Upcoming work at Pie-IX station
- Project summary
- Impact on customer trips
- Impact on local residents
- Learn more about the project
- Onglet 5
Major work will begin soon at Pie-IX station, including the installation of four elevators as part of the universal accessibility project. Additionally, we will be replacing the waterproofing membrane that covers the station’s underground roof, conducting major renovations on the station itself, and doing refurbishment work on Pierre-De Coubertin Avenue.
Duration of the work: October 13, 2020 to July 2022
Description of the work: Elevator installation and major station renovations
Métro impacts: Yes, the station's secondary entrance building will be closed for 8 months.
Bus impacts: Yes, some bus stops will be relocated during work.
A virtual public information session was held on September 22. This dialogue with the community gave us the opportunity to present the work that will be done and to answer your questions. You can view the document (en français) that was presented during the session or view the recording of this public information session.
Impact on customer trips
Bus and métro service will be maintained at all times, though some bus stops will have to be relocated during the work. Be careful and cross only at traffic lights and marked crosswalks.
Phase 1: October 13, 2020, to April 2021
When work starts in fall 2020, the station’s secondary entrance building on the west side of Pie-IX Boulevard will be closed. The station will remain accessible via the main entrance building.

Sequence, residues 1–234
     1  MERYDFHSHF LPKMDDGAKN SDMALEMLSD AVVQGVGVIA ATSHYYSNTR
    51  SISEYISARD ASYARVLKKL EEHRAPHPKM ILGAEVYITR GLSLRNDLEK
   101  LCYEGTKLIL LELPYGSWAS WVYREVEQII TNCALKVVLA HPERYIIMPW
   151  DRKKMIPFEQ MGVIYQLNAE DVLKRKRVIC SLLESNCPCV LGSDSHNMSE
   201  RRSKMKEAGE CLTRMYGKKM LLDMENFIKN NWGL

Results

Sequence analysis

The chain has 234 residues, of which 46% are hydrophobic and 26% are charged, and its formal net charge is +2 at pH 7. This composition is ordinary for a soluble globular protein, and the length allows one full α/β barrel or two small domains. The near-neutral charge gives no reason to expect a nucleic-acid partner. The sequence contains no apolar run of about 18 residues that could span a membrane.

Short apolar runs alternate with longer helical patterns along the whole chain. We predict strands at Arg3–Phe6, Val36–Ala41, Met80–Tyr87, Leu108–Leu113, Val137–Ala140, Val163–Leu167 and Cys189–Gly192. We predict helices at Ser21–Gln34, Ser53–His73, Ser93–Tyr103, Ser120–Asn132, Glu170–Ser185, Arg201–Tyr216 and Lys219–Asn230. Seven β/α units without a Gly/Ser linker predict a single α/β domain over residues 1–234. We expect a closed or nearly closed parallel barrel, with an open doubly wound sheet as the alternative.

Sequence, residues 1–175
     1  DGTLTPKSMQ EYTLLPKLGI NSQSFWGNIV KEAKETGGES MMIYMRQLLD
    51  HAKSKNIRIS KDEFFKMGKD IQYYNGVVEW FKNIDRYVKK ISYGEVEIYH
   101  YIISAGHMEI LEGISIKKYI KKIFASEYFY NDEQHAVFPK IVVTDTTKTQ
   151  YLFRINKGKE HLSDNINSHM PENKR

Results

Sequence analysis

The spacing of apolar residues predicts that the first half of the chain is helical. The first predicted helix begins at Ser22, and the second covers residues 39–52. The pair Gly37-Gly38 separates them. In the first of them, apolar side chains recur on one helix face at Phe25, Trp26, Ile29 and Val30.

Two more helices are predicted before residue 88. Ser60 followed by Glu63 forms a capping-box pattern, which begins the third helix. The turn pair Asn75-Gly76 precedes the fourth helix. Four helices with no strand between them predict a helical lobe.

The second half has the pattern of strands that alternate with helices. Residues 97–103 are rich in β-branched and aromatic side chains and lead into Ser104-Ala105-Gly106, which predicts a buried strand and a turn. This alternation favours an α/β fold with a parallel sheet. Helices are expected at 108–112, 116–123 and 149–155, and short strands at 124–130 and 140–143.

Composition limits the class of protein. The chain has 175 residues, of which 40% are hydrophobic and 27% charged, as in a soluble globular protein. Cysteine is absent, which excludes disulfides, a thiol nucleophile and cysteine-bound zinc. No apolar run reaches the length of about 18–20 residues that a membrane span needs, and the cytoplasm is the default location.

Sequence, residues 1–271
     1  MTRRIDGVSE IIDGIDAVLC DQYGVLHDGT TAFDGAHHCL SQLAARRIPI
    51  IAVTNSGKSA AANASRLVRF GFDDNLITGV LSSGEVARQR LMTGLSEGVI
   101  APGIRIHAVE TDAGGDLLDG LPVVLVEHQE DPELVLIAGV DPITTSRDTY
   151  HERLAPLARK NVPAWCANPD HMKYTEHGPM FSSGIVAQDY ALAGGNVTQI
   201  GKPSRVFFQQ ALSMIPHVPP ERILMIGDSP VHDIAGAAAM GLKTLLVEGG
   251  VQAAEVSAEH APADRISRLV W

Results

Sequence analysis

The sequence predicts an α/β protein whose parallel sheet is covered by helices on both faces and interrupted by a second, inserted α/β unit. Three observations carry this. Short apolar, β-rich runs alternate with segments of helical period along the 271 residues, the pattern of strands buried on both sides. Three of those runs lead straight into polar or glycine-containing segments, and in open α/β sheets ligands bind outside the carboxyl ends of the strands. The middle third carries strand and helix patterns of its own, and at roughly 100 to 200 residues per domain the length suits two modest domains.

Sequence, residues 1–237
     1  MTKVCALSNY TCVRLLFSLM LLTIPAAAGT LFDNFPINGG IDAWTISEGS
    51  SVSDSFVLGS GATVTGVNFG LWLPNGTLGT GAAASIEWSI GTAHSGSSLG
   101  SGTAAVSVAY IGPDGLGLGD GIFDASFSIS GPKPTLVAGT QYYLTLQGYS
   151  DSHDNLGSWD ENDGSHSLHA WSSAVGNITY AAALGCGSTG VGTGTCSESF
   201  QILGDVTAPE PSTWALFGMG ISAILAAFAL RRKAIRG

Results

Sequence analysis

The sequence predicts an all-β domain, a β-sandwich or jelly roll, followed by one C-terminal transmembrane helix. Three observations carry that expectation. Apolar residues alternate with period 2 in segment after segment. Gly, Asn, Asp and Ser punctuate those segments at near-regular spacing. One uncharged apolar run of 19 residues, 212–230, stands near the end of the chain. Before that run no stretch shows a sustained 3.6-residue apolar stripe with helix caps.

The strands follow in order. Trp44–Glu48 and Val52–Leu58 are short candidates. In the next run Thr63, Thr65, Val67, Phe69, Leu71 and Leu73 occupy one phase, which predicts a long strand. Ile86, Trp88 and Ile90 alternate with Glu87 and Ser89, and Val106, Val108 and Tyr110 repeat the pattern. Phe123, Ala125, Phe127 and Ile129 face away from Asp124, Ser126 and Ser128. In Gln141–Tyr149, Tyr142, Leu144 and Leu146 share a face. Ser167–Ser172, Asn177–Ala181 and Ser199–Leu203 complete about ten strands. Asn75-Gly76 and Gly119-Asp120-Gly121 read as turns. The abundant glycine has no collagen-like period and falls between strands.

- A path will be built around the station’s secondary entrance building to allow pedestrians to walk on the west side of Pie-IX Boulevard.
- A safe zone will be created at the intersection of Pie-IX and Pierre-De Coubertin for pedestrians crossing the boulevard.
- The worksite will not block pedestrians from using the sidewalk on the south side of Pierre-De Coubertin east of Pie-IX Boulevard.
Impact on buses
When the contractor starts work on October 13, 2020, bus stops for lines 139 Pie-IX South and 355 Pie-IX South located in front of the secondary entrance building will be moved south of Pierre-De Coubertin Avenue, still on the west side of Pie-IX Boulevard. The bus stop for line 97 West - Avenue du Mont-Royal will also be moved south between Pierre-De Coubertin Avenue and Hochelaga street.
Impact on local residents
Did you know that teams from the STM, the City of Montréal, the integrated Pie-IX BRT project and the RIO will be working together?
These organizations are collaborating on the project’s phasing strategy to align all the work in a way that keeps transportation running smoothly in the area and allows them to manage their investments well. The City of Montréal will take advantage of the excavation phase to update underground infrastructure, while the refurbishment work on Pierre-De Coubertin Avenue will integrate the needs to the future Pie-IX BRT.
Traffic during the work
- Although the work site will cover the west side of Pie-IX Boulevard, two southbound lanes and one northbound lane will remain open to car traffic.
- Pierre-De Coubertin Avenue eastbound will be closed between Pie-IX and De La Salle.
- Desjardins Avenue will become a cul-de-sac during the work, ending at the worksite on Pierre-De Coubertin.
- This means that there will be two-way traffic on Desjardins between Pierre-De Coubertin and Hochelaga.
- Street parking will be prohibited on one side of Desjardins during this period.
On-street parking: Parking restrictions will be in place around and inside the work area. Read the signage carefully.
Sidewalks and access: Pedestrian access to buildings will be maintained at all times. Sidewalks may be blocked occasionally. In this event, pedestrian detours will be implemented.
Buses: Service will be maintained, with some relocated stops. Read bus stop signs carefully.